On December 17, 2017, through a joint statement, Thalès and Gemalto announced a strategic merger agreement aimed at creating "the world leader in digital security".
“The acquisition of Gemalto marks a key milestone in the implementation of Thalès’s strategy. Together with Gemalto’s management, we have big ambitions based on a shared vision of the digital transformation of our industries and customers. Our project will be beneficial to innovation and employment, whilst respecting sovereign strategic technologies”, commented Patrice Caine, Thalès’ Chairman, and Chief Executive Officer.
This agreement, which let Thalès group retake control of the contract of computerized national ID cards and resident permits (that Gemalto is actually commissioned to manufacture), will be completed in Q2 2018.
Indeed, for ten years, Thalès has produced National ID cards for Cameroonians, in the framework of the SENAC (Système de sécurité de la nationalité Camerounaise), a project steered by the country's police. On December 31, 2014, Thalès was notified of the government's decision not to renew their contract for the SENAC. This was through a letter from the current Delegate General for National Security, Martin Mbarga Nguélé.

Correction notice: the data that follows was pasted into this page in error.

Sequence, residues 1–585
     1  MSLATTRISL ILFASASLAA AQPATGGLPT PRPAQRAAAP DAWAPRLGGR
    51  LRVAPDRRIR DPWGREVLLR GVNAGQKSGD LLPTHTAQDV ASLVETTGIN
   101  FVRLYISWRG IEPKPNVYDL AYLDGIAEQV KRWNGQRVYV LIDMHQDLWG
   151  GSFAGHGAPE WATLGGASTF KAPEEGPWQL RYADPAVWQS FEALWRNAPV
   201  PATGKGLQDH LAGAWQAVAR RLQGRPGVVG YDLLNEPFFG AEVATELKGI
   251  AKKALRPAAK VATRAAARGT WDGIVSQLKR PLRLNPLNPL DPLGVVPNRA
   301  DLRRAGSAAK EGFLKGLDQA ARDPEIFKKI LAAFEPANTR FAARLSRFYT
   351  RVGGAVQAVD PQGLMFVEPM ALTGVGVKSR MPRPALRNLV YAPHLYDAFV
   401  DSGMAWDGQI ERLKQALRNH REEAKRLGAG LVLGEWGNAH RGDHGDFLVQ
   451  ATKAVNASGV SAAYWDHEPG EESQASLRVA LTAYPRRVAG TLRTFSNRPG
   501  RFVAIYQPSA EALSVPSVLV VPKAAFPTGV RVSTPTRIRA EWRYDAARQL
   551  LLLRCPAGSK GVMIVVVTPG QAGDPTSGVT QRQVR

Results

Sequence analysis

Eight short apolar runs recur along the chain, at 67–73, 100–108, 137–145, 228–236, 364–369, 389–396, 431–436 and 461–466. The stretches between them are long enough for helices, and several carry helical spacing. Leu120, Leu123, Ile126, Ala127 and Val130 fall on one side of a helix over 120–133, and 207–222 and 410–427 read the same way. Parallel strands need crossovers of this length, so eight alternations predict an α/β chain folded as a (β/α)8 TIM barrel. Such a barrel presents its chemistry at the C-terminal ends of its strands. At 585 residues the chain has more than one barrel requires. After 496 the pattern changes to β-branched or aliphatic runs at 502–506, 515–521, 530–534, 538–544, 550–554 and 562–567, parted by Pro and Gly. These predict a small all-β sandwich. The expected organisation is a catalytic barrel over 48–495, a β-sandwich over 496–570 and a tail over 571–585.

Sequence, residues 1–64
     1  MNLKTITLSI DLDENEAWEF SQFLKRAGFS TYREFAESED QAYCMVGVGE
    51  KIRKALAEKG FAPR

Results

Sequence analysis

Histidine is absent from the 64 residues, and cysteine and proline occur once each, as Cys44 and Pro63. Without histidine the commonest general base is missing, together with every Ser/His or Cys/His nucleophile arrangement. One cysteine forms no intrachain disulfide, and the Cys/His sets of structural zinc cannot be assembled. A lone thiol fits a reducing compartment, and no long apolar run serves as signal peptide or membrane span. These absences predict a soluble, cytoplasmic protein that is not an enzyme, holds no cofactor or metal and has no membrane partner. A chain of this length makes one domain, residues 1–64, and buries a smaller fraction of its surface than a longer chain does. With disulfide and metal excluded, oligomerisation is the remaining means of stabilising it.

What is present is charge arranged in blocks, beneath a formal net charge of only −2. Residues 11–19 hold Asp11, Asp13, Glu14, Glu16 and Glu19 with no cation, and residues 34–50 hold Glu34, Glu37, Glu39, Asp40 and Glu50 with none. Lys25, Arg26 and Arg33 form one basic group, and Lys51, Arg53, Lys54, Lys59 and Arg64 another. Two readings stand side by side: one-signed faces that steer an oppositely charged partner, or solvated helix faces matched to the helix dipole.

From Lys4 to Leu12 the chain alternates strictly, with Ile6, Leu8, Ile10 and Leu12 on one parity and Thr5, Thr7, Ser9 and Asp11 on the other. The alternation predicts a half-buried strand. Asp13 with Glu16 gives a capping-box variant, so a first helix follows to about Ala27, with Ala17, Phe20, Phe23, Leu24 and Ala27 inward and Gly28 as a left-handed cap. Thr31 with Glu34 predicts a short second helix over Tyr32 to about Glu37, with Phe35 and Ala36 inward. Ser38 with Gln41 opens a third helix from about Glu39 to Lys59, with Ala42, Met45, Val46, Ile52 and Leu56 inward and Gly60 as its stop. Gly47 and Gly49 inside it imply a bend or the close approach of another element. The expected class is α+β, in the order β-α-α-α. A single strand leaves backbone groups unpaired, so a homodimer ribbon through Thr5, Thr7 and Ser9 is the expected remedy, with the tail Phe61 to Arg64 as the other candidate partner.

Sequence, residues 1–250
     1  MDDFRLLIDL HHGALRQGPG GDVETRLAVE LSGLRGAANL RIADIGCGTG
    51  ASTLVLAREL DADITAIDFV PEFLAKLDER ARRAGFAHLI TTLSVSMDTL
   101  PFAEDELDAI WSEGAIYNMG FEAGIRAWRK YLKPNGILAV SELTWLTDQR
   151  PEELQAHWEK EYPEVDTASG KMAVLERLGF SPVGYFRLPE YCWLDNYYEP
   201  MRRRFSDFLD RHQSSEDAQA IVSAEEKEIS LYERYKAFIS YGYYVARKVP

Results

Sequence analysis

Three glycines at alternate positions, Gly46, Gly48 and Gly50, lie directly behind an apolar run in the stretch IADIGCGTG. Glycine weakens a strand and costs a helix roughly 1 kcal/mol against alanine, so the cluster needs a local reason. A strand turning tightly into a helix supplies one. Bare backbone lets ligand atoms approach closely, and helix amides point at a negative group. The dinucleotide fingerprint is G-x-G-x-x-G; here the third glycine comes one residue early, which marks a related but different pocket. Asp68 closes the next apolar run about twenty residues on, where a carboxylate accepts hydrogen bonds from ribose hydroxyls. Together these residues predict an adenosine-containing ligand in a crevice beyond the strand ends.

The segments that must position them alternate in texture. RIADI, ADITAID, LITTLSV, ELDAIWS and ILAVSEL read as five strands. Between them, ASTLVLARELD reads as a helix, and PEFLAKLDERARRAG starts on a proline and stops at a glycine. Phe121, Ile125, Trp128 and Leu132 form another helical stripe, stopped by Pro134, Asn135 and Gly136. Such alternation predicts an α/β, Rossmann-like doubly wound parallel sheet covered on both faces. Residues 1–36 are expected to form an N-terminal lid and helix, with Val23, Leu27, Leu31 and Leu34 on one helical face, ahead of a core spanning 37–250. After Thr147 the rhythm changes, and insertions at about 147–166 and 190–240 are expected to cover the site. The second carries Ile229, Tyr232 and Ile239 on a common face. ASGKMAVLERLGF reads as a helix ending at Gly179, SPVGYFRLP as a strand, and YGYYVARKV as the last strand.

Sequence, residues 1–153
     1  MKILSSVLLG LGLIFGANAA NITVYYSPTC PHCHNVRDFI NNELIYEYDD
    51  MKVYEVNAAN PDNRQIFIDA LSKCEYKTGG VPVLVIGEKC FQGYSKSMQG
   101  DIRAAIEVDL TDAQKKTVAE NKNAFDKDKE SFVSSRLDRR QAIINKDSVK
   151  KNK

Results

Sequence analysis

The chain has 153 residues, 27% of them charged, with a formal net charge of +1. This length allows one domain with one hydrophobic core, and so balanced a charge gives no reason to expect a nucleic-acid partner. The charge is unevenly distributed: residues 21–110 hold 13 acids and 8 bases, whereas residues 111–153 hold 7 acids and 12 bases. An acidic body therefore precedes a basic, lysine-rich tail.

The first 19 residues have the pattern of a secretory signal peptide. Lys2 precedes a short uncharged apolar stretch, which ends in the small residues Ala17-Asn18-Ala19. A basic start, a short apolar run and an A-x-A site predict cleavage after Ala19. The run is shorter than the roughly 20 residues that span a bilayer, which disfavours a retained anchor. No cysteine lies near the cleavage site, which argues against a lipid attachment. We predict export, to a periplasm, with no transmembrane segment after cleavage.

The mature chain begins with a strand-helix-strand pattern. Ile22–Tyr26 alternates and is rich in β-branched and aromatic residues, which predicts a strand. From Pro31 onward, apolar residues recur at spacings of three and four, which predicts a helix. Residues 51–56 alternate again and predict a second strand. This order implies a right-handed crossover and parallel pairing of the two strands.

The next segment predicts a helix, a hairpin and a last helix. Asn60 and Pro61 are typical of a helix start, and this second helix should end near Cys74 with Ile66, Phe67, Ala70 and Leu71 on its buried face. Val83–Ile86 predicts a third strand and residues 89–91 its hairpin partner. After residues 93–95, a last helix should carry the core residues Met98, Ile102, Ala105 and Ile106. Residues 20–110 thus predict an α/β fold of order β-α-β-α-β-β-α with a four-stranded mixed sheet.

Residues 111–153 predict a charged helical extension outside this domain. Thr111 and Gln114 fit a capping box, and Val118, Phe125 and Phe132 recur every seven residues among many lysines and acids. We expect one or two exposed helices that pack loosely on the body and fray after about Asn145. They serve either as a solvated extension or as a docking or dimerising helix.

At the time its contract was terminated, the French company demanded the Cameroonian State a payment of a debt amounting to around CFA4 billion. According to our sources, the two parties were able to find an amicable solution after many negotiations. It was then expected that the Spanish company Indra, known to be close to Martin Mbarga Nguélé, would replace Thalés.
But, talks between Indra and Cameroon’s government were finally halted and on n July 31, 2015, the contract, which is worth billions of CFA, was awarded to Gemalto which has just been acquired by Thalès. This thus consecrates Thalès’ return on the contract of secured national ID cards. However, it is said that Gemalto will continue “operating its own brand”.